However, Trinity’s draft rezoning proposal doesn’t necessarily address all community concerns. Trinity’s plan would still allow buildings up to 320 feet, and in one case 430 feet in height, much higher than almost any building in the neighborhood except the Trump Soho. Plus, the rezoning would clearly increase development activity in the area and thus increase development pressure on the adjacent remaining sections of the proposed South Village Historic District, which the city has refused to landmark.
G.V.S.H.P. and local community groups held a community forum on the plan and found that there was strong support for lowering the proposed height and bulk of new development and for insisting that this developer-requested rezoning not move ahead unless the community-requested landmark designation of the adjacent South Village is also considered. We have urged city officials to take these steps.
Another proposed rezoning with the potential to endanger the adjacent proposed South Village Historic District (and a whole lot more) is N.Y.U.’s plan for eight city blocks south and east of Washington Square. The university would not only impose commercial zoning on a residentially zoned area, but lift open-space preservation requirements now in the zoning, which would allow the university to add more than 2 million square feet of space where it is currently prohibited. Additionally, N.Y.U. wants the city to give it public land now used as park space and to overturn urban renewal deed restrictions limiting development. Everything about N.Y.U.’s plan flies in the face of the terms under which the university was given acres of public land in the 1950s and ’60s that it now wishes to build upon, as well as long-standing neighborhood zoning protections.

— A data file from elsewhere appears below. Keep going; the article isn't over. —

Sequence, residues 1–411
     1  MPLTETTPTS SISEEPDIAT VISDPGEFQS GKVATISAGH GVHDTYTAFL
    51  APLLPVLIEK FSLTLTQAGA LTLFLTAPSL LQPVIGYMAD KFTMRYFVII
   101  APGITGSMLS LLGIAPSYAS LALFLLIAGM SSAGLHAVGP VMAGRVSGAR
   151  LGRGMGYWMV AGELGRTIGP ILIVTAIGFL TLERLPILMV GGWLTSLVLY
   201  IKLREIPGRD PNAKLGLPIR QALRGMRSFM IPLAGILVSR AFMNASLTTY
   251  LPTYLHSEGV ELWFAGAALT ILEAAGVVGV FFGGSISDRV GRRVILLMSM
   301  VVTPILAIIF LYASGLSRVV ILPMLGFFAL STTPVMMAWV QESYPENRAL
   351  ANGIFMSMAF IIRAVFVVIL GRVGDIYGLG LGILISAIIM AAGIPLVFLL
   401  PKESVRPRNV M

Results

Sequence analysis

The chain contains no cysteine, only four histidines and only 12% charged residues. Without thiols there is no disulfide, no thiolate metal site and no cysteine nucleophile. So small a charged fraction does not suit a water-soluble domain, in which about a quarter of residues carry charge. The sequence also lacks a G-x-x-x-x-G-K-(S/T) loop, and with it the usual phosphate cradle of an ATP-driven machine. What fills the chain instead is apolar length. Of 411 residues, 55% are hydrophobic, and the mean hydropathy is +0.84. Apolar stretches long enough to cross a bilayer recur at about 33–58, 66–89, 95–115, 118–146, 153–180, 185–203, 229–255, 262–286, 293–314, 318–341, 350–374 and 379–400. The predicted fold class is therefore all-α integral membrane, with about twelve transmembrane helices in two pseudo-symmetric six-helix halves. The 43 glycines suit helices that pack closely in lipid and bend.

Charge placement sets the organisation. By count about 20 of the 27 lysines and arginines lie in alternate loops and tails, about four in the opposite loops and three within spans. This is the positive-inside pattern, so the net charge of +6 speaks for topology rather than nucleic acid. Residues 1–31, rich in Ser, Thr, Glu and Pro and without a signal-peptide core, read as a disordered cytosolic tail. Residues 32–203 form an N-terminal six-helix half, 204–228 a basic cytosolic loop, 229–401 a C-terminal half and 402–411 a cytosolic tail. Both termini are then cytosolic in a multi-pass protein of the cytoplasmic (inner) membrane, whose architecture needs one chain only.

As disturbing as these changes would be in principle, their practical effect would be devastating. Huge new buildings would permanently encase open space in shadow. The N.Y.U. presence — not just in the immediate vicinity but for blocks around — would continue to grow over the years, with N.Y.U. becoming an ever-more overwhelming presence in the neighborhood. The design of two modernist housing complexes, Washington Square Village and Silver Towers, both eligible for the State and National Registers of Historic Places and one landmarked, would be destroyed.
Borough President Stringer voted to approve the N.Y.U. plan with minor modifications. The City Planning Commission and the City Council, however, will have final say on the plan.
Though the city designated the first third of G.V.S.H.P.’s proposed South Village Historic District in 2010, it has demurred on the remaining two-thirds, prompting the Preservation League of New York State to join G.V.S.H.P. in calling the neighborhood one of our state’s most endangered historic resources, and urging the city to act to protect it. And the city has moved slowly to expand landmark protections in the East Village, allowing numerous historic houses to be demolished or otherwise compromised while new historic districts are being considered.
This year will clearly set the stage for changes that will affect what our neighborhoods look and feel like for generations to come.
Berman is executive director, Greenwich Village Society for Historic Preservation